Thursday, December 29, 2011
It's just not croquet
Gee I miss Peter Roebuck.
Not personally of course. For those of you scratching your heads, he was an Australian cricket analyst of English extraction who flung himself to his death out the window of his hotel room in South Africa a month or two ago after he was questioned by the police regarding an allegation of sexual assault. A sad story - and who knows what really happened? Not me, that's for sure, but he was a great cricket writer and for that I miss him. He tended to write sprawling articles reflecting on the events of the day and how they may enlighten us to the struggle inside the players' heads, and thus inside our own.
After the annual Christmas gulag I've finally allowed myself to relax enough to sit back on the couch and listen to the Oz summer of cricket on ABC's Grandstand. The Hatchling seems a bit bemused by it all but she applauds along with the crowd whenever there's a dismissal. She keeps me busy enough that I miss a fair bit of the action, so I have to check the scoresheet online once she's gone to bed.
And in the morning, I get up and look at the Sydney Morning Herald website to see what Peter Roebuck made of the day's play. But he's dead.
I would have liked his opinion on the latest shenanigans involving the Decision Review System, which has been blocked by the Indian voting bloc and would have avoided a couple of howlers by the umpires already in this Test, versus, ironically, (or is this just Alanis irony) India. There has been some interesting discussion on the radio about it but I feel like everyone so far is missing the big picture, and perhaps Mr Roebuck would have been able to sit back and ponder the big issues to my satisfaction.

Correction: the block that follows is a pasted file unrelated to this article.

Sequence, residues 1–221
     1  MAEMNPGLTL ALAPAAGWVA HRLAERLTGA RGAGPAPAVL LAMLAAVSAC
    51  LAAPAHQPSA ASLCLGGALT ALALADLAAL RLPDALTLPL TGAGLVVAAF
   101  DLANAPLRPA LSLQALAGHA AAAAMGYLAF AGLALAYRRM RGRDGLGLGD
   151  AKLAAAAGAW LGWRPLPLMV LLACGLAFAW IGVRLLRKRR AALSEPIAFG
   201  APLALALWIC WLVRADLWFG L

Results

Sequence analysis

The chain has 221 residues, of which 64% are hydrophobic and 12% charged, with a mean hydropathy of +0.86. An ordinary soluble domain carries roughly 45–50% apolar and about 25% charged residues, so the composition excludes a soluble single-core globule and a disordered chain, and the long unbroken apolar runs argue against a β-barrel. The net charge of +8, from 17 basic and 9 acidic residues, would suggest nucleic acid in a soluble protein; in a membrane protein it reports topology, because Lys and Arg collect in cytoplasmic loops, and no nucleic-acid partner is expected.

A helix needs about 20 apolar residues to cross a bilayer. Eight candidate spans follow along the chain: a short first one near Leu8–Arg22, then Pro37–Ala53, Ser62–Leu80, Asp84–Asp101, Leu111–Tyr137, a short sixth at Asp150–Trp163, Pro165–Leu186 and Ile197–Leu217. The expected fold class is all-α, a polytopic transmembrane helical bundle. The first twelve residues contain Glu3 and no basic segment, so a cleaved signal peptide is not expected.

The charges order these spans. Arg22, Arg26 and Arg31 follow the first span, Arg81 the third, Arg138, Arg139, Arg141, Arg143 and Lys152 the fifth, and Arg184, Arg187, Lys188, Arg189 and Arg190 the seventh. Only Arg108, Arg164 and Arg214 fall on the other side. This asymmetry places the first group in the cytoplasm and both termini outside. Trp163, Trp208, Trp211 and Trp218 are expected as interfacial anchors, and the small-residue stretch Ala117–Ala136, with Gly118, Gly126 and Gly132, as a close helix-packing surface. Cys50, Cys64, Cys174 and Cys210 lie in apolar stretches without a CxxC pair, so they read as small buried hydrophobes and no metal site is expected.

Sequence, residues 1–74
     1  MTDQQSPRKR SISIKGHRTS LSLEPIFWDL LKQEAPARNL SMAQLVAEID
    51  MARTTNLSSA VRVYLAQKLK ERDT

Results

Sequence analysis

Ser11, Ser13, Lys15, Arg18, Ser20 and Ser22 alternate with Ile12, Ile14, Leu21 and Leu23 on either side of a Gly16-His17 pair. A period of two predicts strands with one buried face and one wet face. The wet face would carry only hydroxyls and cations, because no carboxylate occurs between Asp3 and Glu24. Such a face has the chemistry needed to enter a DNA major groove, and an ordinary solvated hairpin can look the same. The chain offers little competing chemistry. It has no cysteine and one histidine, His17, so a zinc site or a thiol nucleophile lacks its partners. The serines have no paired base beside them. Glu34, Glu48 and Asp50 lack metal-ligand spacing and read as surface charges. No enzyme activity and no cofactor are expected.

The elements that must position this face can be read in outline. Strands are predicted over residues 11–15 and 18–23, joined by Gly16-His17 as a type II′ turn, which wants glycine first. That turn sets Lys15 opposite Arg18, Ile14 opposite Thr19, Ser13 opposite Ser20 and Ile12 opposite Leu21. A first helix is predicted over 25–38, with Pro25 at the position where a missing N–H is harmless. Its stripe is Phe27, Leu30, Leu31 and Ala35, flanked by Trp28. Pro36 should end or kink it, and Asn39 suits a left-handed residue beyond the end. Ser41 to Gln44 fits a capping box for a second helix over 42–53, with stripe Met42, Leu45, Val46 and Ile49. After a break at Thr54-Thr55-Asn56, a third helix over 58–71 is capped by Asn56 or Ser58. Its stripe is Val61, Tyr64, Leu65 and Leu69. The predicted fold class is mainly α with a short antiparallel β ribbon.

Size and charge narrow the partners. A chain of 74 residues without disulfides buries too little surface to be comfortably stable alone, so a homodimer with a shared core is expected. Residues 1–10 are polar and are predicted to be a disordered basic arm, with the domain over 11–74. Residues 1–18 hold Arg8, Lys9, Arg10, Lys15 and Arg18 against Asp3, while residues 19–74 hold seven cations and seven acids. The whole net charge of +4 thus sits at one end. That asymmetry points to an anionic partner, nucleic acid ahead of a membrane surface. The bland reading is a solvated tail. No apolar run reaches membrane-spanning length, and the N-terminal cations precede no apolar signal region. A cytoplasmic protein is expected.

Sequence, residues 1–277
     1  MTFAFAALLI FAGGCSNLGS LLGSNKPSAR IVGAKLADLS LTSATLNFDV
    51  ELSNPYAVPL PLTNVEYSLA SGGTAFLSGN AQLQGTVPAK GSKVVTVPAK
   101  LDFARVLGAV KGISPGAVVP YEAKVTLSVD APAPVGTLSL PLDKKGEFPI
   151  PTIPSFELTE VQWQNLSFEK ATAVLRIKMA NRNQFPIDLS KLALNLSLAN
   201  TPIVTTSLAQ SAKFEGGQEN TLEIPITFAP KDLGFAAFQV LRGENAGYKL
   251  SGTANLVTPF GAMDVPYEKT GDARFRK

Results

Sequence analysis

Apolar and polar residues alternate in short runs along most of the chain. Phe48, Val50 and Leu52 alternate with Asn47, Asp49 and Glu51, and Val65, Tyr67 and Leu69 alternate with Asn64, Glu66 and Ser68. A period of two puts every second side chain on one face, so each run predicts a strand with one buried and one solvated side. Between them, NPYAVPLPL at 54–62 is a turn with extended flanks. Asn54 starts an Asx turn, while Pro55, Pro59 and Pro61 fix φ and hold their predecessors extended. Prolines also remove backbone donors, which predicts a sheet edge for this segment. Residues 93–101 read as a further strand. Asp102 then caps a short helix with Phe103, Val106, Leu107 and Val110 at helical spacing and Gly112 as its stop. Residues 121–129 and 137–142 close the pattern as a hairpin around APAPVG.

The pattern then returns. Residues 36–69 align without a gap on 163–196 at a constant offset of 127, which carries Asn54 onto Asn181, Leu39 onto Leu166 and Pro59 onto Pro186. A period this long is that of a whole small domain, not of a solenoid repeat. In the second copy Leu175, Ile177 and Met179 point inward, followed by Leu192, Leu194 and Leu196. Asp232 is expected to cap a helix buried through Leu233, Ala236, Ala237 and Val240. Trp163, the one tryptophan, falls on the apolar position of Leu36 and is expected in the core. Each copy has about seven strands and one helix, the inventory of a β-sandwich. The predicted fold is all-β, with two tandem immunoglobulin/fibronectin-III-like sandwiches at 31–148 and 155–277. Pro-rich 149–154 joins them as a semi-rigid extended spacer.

I feel that everyone is obsessed on the idea of "getting it right". We have the technology to find out what really happened so we should use it to ensure that the game reflects as accurately as possible the "true" battle between the two teams without the shadow of the umpires eclipsing the brilliance of the performances. For example, they are shocked at the idea that in one country the DRS might have 150-fps cameras whilst in another only 30-fps cameras. This inequity cannot stand, they cry.
And if this was medicine, I'd agree with them. It's important to get medicine right. Or stopping an airplance falling out of the sky. That's important too. Or even designing a voting system for the Americans so the less adept of them can actually vote for the person they intend to. Those things matter. But cricket is - gasp! - a game.
I'm pretty sure that cricket players would scoff if the ballroom dancing fraternity insisted on using high-speed infrared cameras to figure out who had the "best" tango. They would point out, I am sure, that in cricket there are rules that clearly define the circumstances of whether someone is in or out, and we should strive to use all the investigations at our command to ensure the game follows its natural course. They would say that ballroom dancing is subjective and that the judge's decision are interpretive, whereas cricket is all about hard facts and numbers and is thus amenable to technological intervention. To which I would reply that to a man with a hammer every problem resembles a nail.
My opinion on the matter is that this is a game, a.k.a. a sport, and human error is what it's all about, for the umpires no less than the players. Variations in umpiring from country to country, from game to game, or from day to day have as much relevance as the weather, which is to say that they are hugely important and help to make the game as interesting as it is. High-speed cameras and remote bowler-assassinating drones are all well and good for spicing up the viewing experience for the audience. But please, please, leave them out of the game itself before it gets sterilized and vaccuum-packed, like every other part of Western culture.
Vale Peter Roebuck.